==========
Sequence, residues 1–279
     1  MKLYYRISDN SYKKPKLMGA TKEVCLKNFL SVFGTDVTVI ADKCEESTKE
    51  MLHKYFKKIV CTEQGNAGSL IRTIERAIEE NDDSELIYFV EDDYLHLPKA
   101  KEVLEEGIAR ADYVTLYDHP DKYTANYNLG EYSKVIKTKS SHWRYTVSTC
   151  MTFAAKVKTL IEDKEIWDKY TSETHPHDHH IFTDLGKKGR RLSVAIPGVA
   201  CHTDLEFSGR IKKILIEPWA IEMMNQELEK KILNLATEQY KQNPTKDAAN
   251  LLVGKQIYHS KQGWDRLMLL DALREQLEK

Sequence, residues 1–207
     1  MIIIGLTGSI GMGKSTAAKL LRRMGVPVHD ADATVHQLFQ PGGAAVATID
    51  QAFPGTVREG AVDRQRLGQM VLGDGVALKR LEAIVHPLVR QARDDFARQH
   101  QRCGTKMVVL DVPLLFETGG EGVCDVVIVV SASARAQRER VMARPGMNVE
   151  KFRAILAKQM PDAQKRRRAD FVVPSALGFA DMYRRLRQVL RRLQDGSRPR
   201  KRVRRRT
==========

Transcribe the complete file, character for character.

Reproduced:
Sequence, residues 1–279
     1  MKLYYRISDN SYKKPKLMGA TKEVCLKNFL SVFGTDVTVI ADKCEESTKE
    51  MLHKYFKKIV CTEQGNAGSL IRTIERAIEE NDDSELIYFV EDDYLHLPKA
   101  KEVLEEGIAR ADYVTLYDHP DKYTANYNLG EYSKVIKTKS SHWRYTVSTC
   151  MTFAAKVKTL IEDKEIWDKY TSETHPHDHH IFTDLGKKGR RLSVAIPGVA
   201  CHTDLEFSGR IKKILIEPWA IEMMNQELEK KILNLATEQY KQNPTKDAAN
   251  LLVGKQIYHS KQGWDRLMLL DALREQLEK

Sequence, residues 1–207
     1  MIIIGLTGSI GMGKSTAAKL LRRMGVPVHD ADATVHQLFQ PGGAAVATID
    51  QAFPGTVREG AVDRQRLGQM VLGDGVALKR LEAIVHPLVR QARDDFARQH
   101  QRCGTKMVVL DVPLLFETGG EGVCDVVIVV SASARAQRER VMARPGMNVE
   151  KFRAILAKQM PDAQKRRRAD FVVPSALGFA DMYRRLRQVL RRLQDGSRPR
   201  KRVRRRT